Photo of James Clappison James Clappison Shadow Spokesperson (Treasury)

In the first part of my remarks, I said that amendment No. 69 was a probing amendment.

Photo of Mr Paul Boateng Mr Paul Boateng Financial Secretary, HM Treasury, The Financial Secretary to the Treasury

I am grateful to the hon. Gentleman. Were that not the case, penalty provisions would be available whenever someone made an incorrect statement or provided inaccurate information, including cases of fraudulent behaviour. That would not be desirable. It would even make the penalty available where there was neither fraud nor neglect. It clearly would not be right to punish an innocent error in that way.

Perhaps we should look at cases where there has been an innocent error. The hon. Member for Northavon has expressed concerns about that in the past. The Government's policy for tax credits, as for tax matters more widely, is that civil penalties should be applied in most cases of fraud but that there should be criminal prosecutions in cases of serious or organised fraud. Governments of all political persuasions have adopted that approach. It is cost effective and experience tells us that prosecutions for minor frauds do not generally result in sentences likely to provide a realistic deterrent.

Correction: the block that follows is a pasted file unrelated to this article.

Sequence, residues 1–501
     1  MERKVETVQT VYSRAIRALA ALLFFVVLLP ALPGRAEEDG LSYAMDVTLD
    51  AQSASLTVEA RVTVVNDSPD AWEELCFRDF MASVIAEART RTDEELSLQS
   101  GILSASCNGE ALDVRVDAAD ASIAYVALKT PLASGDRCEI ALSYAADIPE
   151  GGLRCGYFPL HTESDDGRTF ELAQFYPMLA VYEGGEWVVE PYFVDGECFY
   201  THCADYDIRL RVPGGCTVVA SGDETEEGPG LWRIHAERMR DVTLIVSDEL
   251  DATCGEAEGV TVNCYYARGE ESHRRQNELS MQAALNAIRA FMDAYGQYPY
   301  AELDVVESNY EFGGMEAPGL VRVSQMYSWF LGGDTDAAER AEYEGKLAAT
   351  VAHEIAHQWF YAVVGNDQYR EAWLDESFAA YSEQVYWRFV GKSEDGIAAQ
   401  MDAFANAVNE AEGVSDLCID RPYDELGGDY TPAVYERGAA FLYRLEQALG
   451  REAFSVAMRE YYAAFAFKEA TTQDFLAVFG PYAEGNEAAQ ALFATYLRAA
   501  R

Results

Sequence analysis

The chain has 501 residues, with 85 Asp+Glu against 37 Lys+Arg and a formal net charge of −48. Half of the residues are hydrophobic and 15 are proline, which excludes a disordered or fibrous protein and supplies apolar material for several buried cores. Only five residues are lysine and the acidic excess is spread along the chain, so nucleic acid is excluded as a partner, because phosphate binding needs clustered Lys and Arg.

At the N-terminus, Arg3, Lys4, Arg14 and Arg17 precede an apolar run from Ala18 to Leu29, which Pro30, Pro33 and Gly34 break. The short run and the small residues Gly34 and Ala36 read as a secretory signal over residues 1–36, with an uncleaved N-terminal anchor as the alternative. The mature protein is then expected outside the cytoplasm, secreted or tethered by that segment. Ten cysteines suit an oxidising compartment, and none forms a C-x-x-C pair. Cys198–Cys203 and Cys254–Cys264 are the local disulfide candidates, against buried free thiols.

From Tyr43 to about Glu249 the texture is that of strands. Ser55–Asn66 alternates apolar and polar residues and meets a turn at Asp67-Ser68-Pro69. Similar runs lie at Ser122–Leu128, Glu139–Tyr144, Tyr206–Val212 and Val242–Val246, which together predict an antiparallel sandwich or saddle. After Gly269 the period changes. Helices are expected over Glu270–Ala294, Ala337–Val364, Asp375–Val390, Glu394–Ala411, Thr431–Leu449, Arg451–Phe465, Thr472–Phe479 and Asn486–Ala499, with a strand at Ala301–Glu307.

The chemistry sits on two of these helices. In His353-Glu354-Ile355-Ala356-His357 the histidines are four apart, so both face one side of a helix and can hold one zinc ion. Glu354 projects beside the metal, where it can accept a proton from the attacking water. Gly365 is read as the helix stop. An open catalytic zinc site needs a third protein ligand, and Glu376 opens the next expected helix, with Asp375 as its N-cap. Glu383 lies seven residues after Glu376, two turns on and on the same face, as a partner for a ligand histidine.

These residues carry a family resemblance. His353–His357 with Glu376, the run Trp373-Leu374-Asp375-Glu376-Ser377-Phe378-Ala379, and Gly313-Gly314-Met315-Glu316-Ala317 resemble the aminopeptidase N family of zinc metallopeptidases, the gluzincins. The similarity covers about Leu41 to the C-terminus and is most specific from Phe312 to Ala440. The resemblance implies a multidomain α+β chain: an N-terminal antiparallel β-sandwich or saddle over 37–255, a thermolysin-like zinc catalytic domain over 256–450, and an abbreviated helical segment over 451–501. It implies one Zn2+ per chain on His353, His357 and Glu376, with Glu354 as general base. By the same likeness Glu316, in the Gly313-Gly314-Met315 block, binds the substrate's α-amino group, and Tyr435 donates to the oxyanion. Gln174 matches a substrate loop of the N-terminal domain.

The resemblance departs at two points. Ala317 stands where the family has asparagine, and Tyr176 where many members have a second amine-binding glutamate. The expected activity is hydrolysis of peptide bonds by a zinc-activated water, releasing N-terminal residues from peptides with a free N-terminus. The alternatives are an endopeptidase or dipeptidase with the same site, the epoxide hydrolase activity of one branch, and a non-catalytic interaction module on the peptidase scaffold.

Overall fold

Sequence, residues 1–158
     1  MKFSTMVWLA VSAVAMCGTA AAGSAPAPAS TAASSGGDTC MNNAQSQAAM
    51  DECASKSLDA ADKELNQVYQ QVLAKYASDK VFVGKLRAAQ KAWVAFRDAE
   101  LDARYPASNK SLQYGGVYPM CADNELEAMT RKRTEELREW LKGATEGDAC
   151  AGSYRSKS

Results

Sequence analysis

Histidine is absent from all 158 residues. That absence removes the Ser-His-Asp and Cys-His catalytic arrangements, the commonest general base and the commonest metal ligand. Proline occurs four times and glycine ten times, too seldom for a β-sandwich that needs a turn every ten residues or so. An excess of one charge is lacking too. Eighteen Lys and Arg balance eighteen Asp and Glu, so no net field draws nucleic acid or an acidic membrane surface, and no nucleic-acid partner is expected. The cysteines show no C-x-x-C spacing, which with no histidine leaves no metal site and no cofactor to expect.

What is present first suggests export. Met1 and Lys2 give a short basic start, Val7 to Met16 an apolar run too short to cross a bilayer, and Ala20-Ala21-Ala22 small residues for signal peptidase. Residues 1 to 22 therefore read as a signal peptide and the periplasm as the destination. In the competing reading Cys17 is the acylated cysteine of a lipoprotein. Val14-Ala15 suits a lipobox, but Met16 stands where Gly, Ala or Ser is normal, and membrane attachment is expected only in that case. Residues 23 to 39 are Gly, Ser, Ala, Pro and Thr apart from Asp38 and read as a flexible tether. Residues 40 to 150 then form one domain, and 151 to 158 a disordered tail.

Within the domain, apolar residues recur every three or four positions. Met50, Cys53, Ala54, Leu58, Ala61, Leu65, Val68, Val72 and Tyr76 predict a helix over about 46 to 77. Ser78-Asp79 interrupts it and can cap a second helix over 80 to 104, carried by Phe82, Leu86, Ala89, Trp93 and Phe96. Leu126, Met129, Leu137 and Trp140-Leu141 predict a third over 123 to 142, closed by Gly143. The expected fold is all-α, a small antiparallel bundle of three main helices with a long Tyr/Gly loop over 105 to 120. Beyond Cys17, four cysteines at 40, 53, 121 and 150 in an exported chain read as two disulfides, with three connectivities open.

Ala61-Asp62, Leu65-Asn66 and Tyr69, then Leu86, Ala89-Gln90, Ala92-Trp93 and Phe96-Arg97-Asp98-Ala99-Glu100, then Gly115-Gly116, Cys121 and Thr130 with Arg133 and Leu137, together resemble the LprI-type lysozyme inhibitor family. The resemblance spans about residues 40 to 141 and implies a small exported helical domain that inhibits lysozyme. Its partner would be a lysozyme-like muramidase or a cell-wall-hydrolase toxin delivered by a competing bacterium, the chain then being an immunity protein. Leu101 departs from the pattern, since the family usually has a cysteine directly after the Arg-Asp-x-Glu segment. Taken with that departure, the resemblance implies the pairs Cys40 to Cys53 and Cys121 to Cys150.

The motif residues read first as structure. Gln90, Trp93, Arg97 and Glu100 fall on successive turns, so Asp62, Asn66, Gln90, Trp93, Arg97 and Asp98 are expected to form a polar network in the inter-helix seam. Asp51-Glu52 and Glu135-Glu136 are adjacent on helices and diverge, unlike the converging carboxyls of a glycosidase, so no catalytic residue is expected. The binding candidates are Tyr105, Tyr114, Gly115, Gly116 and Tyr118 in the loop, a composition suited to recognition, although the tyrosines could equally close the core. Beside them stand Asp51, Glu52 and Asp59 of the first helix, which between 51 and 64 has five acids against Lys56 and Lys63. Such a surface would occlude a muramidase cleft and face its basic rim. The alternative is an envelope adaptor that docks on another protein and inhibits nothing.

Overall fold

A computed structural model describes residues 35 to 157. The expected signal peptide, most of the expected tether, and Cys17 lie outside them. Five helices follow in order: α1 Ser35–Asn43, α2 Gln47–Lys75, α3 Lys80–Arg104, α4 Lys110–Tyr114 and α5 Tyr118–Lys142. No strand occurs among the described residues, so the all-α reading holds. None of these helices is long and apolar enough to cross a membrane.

We want to ensure that we develop a legal framework that is effective, but proportionate in its response, and that gives us a compliance regime that is fit for the purpose. We think that we have got the

balance right. I do not think that the improvements suggested by the hon. Member for Hertsmere would turn out to be improvements at all. They are either unnecessary or technically flawed. However, we accept the spirit that underlies them, which is to bear down hard on fraud and to make it clear that fraud is unacceptable and will result in a proportionate response.